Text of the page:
Dylan Tilston plucks the head off of a live prawn, cracks the shell that covers the belly and spine, squeezes the tail to remove the remaining meat and then pitches it into his mouth. "That's the way you eat 'em," says the self-proclaimed foodie. "Try it."
I did. My technique wasn't nearly as smooth as Tilston's, who studied culinary arts at George Brown College in Toronto before trekking to the "End of the Road," the term often used to describe Tofino. I jostle with the tiny prawn, which twitches its antennae as my forefingers and thumb clutch onto its head. Its eyes are black. It's nearly dead already when I rip off its head and toss it into Clayoquot Sound, the mesmerizingly beautiful and soulful waters that flow eastward from Tofino and the Pacific Ocean.
Clumsily, I open it up and eat it raw as Tilston and boat captain Paul Karbouzian suggested. The morsel is full of pure flavour. The British Columbia spot prawn has spawned festivals in its honour and diners across the province are delighted when restaurants annually dream up dishes featuring the delicacy. In Tofino, the spot prawn comes into shore by the boatload, pleasing chefs and connoisseurs.
"The quality of the product here is incredible and people know it, they care about keeping it that way," says Warren Barr, the executive chef at the Pointe Restaurant at the Wickaninnish Inn. On his menu, he makes what is surely the most artful use of spot prawns in Canada. He plates it with a circle of smashed peas, and tops it with powdered lemongrass that looks like feta cheese, edible flowers and, brilliantly, dots of white chocolate. It's one of the most interesting and delicious dishes I've had in the province.
And while that dish was the best I tried during a recent visit to Tofino, it was far from the only highlight. When I first visited Tofino in 2003, there were few restaurants besides the opulent Pointe. Now, the city is teeming with choice establishments, including Wolf in the Fog, the year-old hot spot run by former Wick Inn chef Nicholas Nutting. SoBo remains a standout and the original Tacofino food truck does heavy business daily. For a village with a population of only 2,000 people, Tofino eats exceptionally well.
"One of the important things that has kept the quality so high is there are no chain stores allowed in town. The community has been very active in keeping them out," says Daan Delen of Ocean Outfitters, which leads whale-watching tours and chartered fishing trips of the region. "There's one popular place in town that serves fried food. It's the Wildside Grill and even though you'll get your French fries, you still know that the fish they're serving you is caught that day. They're run by local people who care about the community."
That community love for food explodes into euphoria on May 8. The two-week Feast Tofino festival features 17 events, several of which include visiting chefs from Vancouver. Among the culinary stars attending is David Hawksworth, who is scheduled to team with Nutting for a night of fine dining at Wolf in the Fog on May 22.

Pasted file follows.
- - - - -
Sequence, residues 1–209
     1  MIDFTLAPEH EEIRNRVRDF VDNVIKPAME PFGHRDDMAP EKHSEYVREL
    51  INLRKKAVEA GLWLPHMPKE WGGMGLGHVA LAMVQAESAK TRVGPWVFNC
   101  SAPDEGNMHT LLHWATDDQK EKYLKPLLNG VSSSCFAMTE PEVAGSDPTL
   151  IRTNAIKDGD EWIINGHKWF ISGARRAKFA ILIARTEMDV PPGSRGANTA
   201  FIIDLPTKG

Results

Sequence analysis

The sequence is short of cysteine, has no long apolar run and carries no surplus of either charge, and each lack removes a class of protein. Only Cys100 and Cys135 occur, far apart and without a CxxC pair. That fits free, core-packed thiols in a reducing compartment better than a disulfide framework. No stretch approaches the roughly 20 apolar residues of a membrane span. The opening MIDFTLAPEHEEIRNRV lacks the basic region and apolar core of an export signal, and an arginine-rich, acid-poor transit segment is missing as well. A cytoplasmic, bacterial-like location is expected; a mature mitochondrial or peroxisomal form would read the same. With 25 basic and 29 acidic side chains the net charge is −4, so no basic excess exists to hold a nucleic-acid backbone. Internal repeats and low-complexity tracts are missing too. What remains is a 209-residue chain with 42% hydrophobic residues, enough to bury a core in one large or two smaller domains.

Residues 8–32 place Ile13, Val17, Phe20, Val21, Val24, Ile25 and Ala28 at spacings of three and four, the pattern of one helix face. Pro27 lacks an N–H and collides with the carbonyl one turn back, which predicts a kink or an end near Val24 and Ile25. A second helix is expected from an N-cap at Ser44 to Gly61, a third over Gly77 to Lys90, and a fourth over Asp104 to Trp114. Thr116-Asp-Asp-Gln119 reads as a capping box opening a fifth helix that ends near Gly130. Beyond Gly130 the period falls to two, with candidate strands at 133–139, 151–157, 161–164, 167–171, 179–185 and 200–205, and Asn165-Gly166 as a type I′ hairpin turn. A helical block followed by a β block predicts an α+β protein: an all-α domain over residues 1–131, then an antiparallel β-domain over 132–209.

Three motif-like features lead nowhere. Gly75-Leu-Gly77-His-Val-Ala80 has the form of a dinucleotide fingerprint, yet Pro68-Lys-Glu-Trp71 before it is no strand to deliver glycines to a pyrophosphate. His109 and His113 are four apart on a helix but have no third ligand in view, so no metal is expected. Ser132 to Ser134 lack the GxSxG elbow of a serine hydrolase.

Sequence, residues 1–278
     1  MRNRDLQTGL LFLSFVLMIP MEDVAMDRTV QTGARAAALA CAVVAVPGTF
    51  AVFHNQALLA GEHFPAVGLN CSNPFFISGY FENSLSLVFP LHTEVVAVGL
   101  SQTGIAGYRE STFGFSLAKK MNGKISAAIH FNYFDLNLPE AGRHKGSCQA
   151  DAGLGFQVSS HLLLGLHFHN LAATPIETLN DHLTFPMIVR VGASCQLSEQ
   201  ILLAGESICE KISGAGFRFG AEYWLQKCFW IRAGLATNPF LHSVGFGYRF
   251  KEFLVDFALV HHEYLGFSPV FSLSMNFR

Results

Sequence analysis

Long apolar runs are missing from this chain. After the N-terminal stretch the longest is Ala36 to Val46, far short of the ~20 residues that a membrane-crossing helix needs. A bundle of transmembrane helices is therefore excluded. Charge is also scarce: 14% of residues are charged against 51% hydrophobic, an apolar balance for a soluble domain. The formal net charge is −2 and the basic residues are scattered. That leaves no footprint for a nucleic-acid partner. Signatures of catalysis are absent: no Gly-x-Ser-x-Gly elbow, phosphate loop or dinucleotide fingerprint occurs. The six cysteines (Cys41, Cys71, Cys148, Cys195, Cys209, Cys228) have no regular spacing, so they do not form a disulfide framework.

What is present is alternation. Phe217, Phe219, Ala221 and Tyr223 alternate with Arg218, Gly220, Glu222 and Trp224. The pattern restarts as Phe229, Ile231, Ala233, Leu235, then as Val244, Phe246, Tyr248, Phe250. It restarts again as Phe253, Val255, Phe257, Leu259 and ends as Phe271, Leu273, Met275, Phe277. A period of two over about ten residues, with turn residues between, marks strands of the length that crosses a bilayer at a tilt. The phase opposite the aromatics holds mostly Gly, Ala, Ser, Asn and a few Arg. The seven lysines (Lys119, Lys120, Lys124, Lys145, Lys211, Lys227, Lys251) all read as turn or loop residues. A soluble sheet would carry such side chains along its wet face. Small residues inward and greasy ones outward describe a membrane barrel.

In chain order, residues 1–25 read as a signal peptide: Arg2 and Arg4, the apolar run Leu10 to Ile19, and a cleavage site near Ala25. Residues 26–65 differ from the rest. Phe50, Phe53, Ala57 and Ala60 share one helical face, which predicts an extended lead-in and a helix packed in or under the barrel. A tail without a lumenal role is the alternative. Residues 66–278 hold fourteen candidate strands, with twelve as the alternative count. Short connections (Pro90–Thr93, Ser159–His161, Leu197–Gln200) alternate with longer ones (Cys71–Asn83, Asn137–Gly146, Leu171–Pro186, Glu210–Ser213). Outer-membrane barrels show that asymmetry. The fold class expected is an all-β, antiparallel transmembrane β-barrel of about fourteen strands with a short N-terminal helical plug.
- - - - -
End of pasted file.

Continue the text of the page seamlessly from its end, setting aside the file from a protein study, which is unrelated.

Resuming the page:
"Even though Tofino is a laid-back place, people really care about good food and they know what it takes to make good food. Plus, there's a real culture of collaboration here among chefs and restaurant owners," says Ashley Adams, owner of Feast Tofino. "The festival is a way of bringing people together and making food the centre of a celebration of Tofino culture."
While the spot prawn will likely be the most visible sea favourite during the festival, it's far from the only sweet find in this village just outside of Pacific Rim National Park. The Clayoquot Climax, a rare oyster found only in the waters near Tofino, is heralded by both Tilston and Karbouzian as the best oyster they've ever enjoyed. Tilston's employer, the Fish Store and Oyster Bar, is the only place that retails this particular variety farmed in Lemmens Inlet. Gooseneck barnacles, the hard-to-source delicacy that has become popular in Europe and Asia, can be found here, although it hasn't made it onto menus yet. Dungeness crab pots float from the town docks. Wild Pacific salmon, halibut, black cod (or sablefish) and steelhead trout are among the catches that can be found in stores.
Tilston, a former Torontonian who has settled easily into life on British Columbia's west coast, seems as though he can't believe his luck to have ventured into this food-lover's haven. "There isn't anywhere in the world where you can get product like this," he says as our WardoWest fishing boat speeds through waters dotted with islands thick with century-old trees populated with eagles' nests and needles that catch the wind. "There is product here that gets shipped all over the world, but if you're in Tofino, you can have it right here, right now. Straight from the sea."
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